Don’t Let Winter Weather Throw You for a Loop!

BurstPipe2With more winter weather on its way, we want to remind readers of localized disasters last winter that involved CREST’s collections recovery efforts. The Yancey County Public Library had a burst pipe (left) during early January’s polar vortex and the Charlotte Hawkins Brown Museum experienced a roof leak during March’s ice storm. Please review ReadyNC.org for advice and be prepared!

Thanks to Laura J. Leonard, Community Outreach Coordinator for the N.C. Department of Emergency Management for this guest post.

North Carolina encounters unpredictable weather during the winter months. In early 2014 there were four winter storms within weeks of each other that dumped inches of snow, sleet, freezing rain or ice, causing an unprecedented number of accidents and school cancellations. Single digit temperatures were also reported in many areas of the state.

North Carolina can experience a variety of winter weather patterns that provide a mixed bag of precipitation because of its proximity to the Appalachian Mountains, Atlantic Ocean, Gulf Stream and Gulf of Mexico.

“Winter storms are known as deceptive killers because they cause power outages, downed trees, traffic jams and accidents that leave lasting impacts on the state,” said North Carolina Emergency Management Director Mike Sprayberry. “Most deaths are not directly related to the storm, but result from traffic accidents on icy roads or hypothermia from lengthy exposure to cold. Three easy steps will help anyone get ready for an emergency: create a plan, make a kit and stay informed. Following these simple actions will help you be ready before an emergency occurs and help keep you safe.”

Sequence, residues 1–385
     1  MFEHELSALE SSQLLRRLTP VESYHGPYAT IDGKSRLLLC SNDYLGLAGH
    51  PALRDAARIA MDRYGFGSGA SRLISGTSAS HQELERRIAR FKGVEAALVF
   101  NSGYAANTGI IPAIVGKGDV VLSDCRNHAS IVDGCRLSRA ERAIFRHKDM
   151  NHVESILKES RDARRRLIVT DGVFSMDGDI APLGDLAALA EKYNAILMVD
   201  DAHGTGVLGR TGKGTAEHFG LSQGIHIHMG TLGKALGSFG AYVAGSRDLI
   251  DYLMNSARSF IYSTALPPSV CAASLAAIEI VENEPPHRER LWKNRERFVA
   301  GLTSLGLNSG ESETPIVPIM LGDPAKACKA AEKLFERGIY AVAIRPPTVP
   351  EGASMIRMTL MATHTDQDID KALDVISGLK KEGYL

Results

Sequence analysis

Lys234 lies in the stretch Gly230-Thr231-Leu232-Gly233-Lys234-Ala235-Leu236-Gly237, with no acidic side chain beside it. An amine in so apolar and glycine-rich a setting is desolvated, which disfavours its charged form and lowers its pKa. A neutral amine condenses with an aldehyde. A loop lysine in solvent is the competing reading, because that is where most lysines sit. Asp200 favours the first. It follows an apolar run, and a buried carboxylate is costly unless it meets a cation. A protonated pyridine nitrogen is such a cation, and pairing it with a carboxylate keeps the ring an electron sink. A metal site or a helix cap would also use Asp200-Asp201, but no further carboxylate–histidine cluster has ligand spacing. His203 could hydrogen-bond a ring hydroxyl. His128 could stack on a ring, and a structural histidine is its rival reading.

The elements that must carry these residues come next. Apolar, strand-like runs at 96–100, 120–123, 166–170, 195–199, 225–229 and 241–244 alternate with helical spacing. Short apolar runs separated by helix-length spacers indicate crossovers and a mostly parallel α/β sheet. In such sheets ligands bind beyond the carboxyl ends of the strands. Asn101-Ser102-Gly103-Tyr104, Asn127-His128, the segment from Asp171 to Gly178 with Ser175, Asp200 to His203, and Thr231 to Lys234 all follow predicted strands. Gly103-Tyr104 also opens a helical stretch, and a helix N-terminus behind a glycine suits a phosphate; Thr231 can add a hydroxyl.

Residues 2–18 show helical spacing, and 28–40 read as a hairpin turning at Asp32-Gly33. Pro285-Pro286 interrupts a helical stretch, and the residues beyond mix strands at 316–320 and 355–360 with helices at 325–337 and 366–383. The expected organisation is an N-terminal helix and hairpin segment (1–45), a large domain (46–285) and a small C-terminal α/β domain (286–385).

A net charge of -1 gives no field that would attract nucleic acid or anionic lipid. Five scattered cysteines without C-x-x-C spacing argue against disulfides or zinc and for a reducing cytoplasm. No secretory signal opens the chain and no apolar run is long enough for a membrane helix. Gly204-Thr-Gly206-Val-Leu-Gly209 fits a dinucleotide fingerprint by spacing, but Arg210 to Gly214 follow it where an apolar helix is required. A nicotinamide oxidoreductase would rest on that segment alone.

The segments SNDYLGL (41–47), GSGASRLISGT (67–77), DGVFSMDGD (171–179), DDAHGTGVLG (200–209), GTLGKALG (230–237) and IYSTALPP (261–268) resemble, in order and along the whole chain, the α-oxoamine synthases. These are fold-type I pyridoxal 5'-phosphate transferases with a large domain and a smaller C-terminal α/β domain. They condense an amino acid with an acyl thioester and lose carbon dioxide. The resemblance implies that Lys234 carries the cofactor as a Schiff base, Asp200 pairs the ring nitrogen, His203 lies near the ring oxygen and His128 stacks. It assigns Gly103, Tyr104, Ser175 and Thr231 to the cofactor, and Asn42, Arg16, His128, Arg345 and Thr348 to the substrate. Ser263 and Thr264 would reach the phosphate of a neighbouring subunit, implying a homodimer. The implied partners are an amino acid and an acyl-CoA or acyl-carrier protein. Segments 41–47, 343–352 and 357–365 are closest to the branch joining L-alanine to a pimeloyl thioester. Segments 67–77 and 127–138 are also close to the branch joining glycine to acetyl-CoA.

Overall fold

3 Simple Steps

  1. Write a plan, which should be a thought-out list of whom to call, where to meet and any special considerations that may need to be addressed.
  2. Build an emergency supplies kit. Besides artifact recovery materials and important institutional records – you should also include rock salt, sand, snow shovels for winter-weather-related disasters. Ensure a flash light, battery operated radio, extra batteries, and a first-aid kit are on hand.
  3. Pay attention to the weather forecast and stay informed about potential storms. The free ReadyNC mobile app also provides real-time information about opened shelters and riverine flood levels. A list of phone numbers for North Carolina power companies provides a quick reference so you can report outages. The app also provides basic instructions on how to develop an emergency preparedness plan. It is available for both iPhone and Droid devices.

During the cold winter months, be aware of carbon monoxide poisoning that can occur from improper heating. The colorless, odorless carbon monoxide gas can be deadly and is produced from fuel-burning appliances, generators and heaters. Without proper ventilation, carbon monoxide fumes can accumulate causing headaches, fatigue, shortness of breath, nausea and dizziness.

To prepare your building for winter weather, add insulation to walls and attics. Caulk and weather-strip doors and windows and insulate water pipes to keep them from freezing. Remember to keep generators away from the building and have a trained professional ensure proper wiring. Never run a generator in an enclosed area.

Enjoy the festivities of the winter season along with the peace of mind that your institution is prepared!

 

 

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About collectionsconversations

This blog will contain posts from the C2C project staff on a variety of topics related to collections care and disaster preparedness. Enjoy the posts and let us know if you would like additional information or have a topic you would like for us to address.

Posted on December 16, 2014, in disaster preparedness, guest bloggers and tagged . Bookmark the permalink. Leave a comment.

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